An independent Singapore was never given a chance – Britain should learn from it

An independent Singapore was never given a chance – Britain should learn from it

In the National Museum of Singapore they play footage of the country’s first democratically elected leader, Lee Kuan Yew, breaking down in tears following the island’s decision to breakaway from their much larger neighbour, Malaysia, in 1965.

One of the reasons given for this very public display of dolour was that Singapore was just too small. It needed its larger neighbour to help navigate the choppy currents of world trade. In the end, one key factor in the breakup of the two countries was the protectionist tendencies of the larger nation rubbing up against the free-trading spirit of the Singaporeans.

In 1965, Malaysia’s GDP per capita was 310 USD; Singapore’s was 516 USD. Britain’s was 1850 USD.

But the city-state’s free-trading past was established nearly 150 years before its secession from Malaysia. When Sir Stamford Raffles landed in Singapore in 1819, he wanted to put in place a tariff-free port in order to compete against established Dutch and Portuguese posts in the region. Three decades later when the Governor General of British India arrived, a monument was erected, which,

‘emphatically recognised the wisdom of liberating commerce from all restraints, under which enlightened policy [Singapore] has rapidly attained its present rank… and with which its future prosperity must ever be identified.’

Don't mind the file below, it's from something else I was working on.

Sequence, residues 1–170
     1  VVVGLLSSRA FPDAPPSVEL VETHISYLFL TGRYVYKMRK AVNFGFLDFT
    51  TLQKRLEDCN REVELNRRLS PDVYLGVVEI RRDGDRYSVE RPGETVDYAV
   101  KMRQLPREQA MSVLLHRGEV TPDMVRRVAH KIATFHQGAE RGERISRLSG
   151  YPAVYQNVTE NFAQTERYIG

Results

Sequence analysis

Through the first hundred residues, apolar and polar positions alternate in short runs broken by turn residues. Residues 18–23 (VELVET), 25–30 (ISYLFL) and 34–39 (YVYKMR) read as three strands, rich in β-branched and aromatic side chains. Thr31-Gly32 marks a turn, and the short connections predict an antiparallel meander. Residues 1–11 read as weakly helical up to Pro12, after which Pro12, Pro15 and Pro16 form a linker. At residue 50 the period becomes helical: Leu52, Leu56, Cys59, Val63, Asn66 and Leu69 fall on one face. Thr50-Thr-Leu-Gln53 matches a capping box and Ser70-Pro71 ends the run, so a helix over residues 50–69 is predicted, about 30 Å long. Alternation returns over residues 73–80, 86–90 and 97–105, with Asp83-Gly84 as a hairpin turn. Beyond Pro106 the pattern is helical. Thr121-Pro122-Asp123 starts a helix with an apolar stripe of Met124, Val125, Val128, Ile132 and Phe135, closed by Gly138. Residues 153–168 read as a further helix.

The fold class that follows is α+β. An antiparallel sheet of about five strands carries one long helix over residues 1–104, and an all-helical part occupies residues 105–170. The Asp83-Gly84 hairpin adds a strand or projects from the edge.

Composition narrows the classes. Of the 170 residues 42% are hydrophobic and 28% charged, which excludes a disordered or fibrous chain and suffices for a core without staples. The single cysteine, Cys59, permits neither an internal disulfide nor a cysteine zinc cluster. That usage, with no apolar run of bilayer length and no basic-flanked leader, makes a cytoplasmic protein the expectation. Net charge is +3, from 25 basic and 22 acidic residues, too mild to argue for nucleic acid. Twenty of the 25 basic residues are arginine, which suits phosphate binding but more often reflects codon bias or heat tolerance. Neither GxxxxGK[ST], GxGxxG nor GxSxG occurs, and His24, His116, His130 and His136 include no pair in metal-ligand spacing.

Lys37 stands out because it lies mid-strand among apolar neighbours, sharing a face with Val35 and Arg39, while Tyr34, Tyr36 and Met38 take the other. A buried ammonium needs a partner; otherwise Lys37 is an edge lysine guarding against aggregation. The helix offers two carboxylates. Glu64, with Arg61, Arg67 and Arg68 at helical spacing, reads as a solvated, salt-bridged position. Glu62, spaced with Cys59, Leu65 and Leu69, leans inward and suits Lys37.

What, then, was the source of anguish for Lee Kuan Yew’s emotional public meltdown? Surely Singapore could simply rediscover its voracious free-trading past? What now is the source of today’s anguish and obstinacy among those Remainers who refuse to be bold and rediscover old ways in a new future? Surely a country like Britain can look to the future with confidence and optimism?

In my mind there are clear policy decisions that will ensure we can be confident about our future, such as wholeheartedly embracing free-trade; others remain consumed by fear, and are not seriously engaging with the real opportunities Brexit provides.

Psychology often provides some answers to these divisions, and in particular the Remainer recalcitrance, since the referendum.

Daniel Kahneman’s magisterial book, Thinking, Fast and Slow, is a tour de force of the way in which humans make decisions, and how we can improve the quality of our decision-making process.

There are two systems: 1 and 2. System 1 is quick and involuntary; system 2 is slower, thoughtful, and cerebral. The truth is that we all like to associate ourselves with system 2 – only, as Kahnamen says, system 1 is the ‘hero’ of the book.

The reason for this is that system 2 is lazy. Moreover, system 2 mostly validates and rationalises what system 1 has already produced (our initial thoughts). We like to think of ourselves as rational Kantian agents, yet all our brain is ever really doing is giving coherence to our gut instincts. David Hume might have got there before anyone else over 200-hundred years ago, but it has only been in recent decades that this theory has become uncontroversial.

Coherence is absolutely key. Our mind is looking for a coherent story when it is making complicated decisions, rather than vigorously pursuing the best possible outcomes. This is a consequence of system 2. It’s loss averse, and so it exaggerates risk. Moreover, when system 2 is forced to work harder it merely creates more detailed scenarios of its already preconceived opinion, which attempts to make the original position look more plausible and more valid. Kahneman says,